The mother of this event is Beverly Bond. Born in New York and raised in Maryland, the Black Girls Rock! founder spent years in front of the camera before taking a more behind-the-scenes role. She modeled in New York and then became a renowned DJ. You could catch her spinning everywhere from nightclubs to celebrity parties to BET’s own “Rap City: The Basement” and “106 & Park.”
Now, she is the executive producer of an awards show, which is named after her organization, Black Girls Rock!. Black Girls Rock!, Inc is a nonprofit, youth empowerment and mentoring organization that introduces music, poetry and theater to women of color.
Bond spoke with The Root DC about the growth of Black Girls Rock! and overcoming skepticism in the DJing industry. Here is our edited Q&A.
What was the inspiration behind Black Girls Rock!?
I started Black Girls Rock!, Inc. in 2006, but we’ve been doing the award show for much longer. I was inspired because to me, the message to women of color was imbalanced; there weren’t enough role models for women to look up to. It was something that I felt was long overdue, for black women, women of all backgrounds, to have something promoting positivity. When you start something, and you really believe in your mission, there is no obstacle too great for you to overcome.
I know this sounds cliché, but if you believe it, you can achieve it. With every dime that I had, I started the mentoring program. I just really worked to make sure that the movement spread. BET has come on board and put their weight and power behind this movement, and thanks to their support it has now gone worldwide.
You used to DJ for BET and now your awards show is broadcast on the network. How did you develop this partnership with BET?
I always knew that BET was where Black Girls Rock! needed to be. Stephen Hill [BET’s President of Music Programming and Specials] was always a supporter of Black Girls Rock! before TV, which was pretty big when it was in Brooklyn. I even asked him if I could put his name on our host committee.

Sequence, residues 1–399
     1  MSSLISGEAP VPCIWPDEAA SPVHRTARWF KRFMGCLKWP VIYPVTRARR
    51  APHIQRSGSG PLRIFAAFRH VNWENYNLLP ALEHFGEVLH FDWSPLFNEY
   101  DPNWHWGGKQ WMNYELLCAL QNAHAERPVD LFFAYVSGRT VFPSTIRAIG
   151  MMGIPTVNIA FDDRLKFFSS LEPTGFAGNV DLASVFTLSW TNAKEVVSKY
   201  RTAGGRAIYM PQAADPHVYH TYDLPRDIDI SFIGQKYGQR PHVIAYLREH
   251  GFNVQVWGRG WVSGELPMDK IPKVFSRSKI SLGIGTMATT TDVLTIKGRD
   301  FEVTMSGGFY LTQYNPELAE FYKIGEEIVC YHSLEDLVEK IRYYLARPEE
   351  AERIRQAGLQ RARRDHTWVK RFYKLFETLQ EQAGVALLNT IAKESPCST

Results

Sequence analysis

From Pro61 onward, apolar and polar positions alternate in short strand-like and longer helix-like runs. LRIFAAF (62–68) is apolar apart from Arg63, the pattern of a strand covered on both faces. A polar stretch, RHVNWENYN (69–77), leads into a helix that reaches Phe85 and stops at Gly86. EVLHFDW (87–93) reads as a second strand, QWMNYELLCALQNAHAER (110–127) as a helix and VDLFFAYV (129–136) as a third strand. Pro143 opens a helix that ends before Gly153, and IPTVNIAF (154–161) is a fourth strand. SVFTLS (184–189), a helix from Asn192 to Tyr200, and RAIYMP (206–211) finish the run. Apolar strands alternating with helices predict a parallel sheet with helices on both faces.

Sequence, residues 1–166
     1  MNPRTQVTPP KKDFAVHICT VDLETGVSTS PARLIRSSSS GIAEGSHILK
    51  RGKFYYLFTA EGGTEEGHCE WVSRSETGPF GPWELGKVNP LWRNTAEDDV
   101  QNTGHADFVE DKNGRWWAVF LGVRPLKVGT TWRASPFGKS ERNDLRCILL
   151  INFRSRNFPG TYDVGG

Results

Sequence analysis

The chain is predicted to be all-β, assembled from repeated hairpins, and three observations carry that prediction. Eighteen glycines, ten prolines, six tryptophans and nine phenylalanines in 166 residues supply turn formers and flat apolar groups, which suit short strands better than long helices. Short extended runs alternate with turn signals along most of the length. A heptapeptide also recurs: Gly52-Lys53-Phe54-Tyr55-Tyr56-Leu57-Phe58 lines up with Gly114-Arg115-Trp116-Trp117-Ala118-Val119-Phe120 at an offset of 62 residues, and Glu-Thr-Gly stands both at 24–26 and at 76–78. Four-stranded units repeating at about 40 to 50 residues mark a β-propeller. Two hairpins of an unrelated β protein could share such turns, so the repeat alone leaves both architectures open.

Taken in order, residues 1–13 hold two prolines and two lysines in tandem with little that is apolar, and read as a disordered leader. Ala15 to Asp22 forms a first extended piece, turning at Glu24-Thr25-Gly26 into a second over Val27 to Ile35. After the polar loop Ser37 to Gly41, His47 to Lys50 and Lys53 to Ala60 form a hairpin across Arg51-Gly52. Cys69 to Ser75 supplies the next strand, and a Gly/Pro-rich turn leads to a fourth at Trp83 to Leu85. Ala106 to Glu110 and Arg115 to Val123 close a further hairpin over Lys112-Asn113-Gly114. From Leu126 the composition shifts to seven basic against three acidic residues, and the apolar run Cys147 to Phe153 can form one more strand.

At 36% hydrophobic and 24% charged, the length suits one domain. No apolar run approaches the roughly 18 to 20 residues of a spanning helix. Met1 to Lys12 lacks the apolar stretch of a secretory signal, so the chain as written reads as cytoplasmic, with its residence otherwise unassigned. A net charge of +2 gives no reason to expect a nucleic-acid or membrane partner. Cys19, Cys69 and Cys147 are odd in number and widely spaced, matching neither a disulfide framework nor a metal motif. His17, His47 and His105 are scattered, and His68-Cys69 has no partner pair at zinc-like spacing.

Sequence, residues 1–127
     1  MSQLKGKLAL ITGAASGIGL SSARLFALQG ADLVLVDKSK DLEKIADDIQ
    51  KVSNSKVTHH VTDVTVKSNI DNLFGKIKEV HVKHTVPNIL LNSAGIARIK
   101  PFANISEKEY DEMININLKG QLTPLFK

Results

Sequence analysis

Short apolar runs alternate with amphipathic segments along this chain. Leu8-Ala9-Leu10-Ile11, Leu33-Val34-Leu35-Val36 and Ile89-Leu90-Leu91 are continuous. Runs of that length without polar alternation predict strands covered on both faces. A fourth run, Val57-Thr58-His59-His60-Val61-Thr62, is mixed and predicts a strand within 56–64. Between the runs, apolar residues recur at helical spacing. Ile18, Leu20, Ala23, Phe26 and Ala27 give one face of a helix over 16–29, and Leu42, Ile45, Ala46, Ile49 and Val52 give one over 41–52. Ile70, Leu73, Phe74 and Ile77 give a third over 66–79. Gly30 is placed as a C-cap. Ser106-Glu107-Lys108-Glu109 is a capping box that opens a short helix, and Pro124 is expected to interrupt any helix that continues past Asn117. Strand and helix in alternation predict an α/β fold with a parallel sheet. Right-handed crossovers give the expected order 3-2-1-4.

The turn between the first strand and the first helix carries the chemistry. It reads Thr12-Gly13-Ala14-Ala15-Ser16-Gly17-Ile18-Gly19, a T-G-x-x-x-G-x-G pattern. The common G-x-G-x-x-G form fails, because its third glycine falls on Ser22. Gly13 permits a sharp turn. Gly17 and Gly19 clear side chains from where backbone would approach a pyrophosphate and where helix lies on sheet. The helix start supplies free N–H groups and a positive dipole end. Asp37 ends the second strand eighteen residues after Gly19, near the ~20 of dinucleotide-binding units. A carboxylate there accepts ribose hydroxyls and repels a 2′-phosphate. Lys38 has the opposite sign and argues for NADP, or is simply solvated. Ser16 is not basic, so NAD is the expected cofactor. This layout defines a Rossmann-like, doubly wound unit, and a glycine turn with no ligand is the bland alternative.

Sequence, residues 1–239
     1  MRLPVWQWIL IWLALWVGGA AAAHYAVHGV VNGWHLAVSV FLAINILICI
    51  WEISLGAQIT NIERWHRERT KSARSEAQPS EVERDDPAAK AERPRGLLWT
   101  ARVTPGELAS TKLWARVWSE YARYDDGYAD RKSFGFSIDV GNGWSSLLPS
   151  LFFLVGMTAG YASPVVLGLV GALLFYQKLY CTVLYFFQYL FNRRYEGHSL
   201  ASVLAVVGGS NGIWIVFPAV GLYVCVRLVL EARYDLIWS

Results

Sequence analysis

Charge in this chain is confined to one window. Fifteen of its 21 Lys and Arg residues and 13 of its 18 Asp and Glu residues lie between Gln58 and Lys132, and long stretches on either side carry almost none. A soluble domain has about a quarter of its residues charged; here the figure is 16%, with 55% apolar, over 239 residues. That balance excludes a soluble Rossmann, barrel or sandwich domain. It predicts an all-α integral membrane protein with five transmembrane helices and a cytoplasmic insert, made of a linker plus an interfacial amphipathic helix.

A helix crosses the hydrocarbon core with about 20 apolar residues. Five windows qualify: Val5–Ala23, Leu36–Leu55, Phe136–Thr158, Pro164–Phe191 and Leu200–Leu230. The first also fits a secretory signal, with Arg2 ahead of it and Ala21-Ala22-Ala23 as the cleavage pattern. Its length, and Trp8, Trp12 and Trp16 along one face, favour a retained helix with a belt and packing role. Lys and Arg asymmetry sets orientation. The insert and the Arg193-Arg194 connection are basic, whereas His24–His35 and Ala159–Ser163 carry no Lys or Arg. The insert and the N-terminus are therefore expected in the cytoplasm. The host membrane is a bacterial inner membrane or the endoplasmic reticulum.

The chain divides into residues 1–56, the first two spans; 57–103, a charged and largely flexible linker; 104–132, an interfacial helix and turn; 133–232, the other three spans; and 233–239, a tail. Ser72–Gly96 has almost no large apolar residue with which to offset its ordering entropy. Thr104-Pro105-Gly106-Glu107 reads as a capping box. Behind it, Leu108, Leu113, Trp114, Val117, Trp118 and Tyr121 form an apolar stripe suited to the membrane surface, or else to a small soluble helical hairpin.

Before we went to TV, people walked away saying, “This is such a powerful movement.” Tracee Ellis Ross and Regina King have been supporting us since the beginning, and the community has supported us for such a long time.
I knew the marketing and imaging was important, so I made sure that we’re promoting black excellence, and that we showed results from that. Look at our girls. They are nice on the turntables, and they are A+ students. People meet them and say, “How are they so dope?” There is so much more to us. I’m so proud of the girls we have, and I love engaging in conversations with them. We don’t dismiss anyone, because others have done it too many times.
D.C. native Yasmine Arrington is being honored for the work she has done with her nonprofit organization ScholarCHIPS, which gives scholarships to children of incarcerated parents. How did you hear about Yasmine?
It’s important for us to honor young community advocates. We found Yasmine through the M.A.D. (Making A Difference) Girls contest we did online. We had 10 amazing girls, and I wish we could have had them all but we could only pick three. It’s important to recognize our young leaders and to see young women do these amazing things. That’s what I tell my girls, to use your platform to make a difference. Her whole story is amazing. I’m very thankful we were able to work with her; she’s been such an inspiration.
When you began DJing and producing mixtapes, there was skepticism that a woman could be so nice at both. How did you handle that adversity, and do you still face it today?
It’s funny because I use everything I’ve gone through to mentor other girls. I would always get skepticism as a model who could DJ. Back then, you had to have skills! There was no laptop to help you mix, there was no way to fake it. I came in proving myself. As a female, I was underestimated. Being underestimated can be a blessing in disguise, because it makes your presence that much greater when you succeed. When people are doubting my abilities, it propels me even more.
What advice would you give to ambitious young women on how to reach their goals?
Be thorough. What we do with mentorship, we use the arts as a tool to tap in creativity but also teach them discipline, and the need of [having] high standards. It’s important to tap into your abilities...I try to teach our girls how to find their purpose in life.
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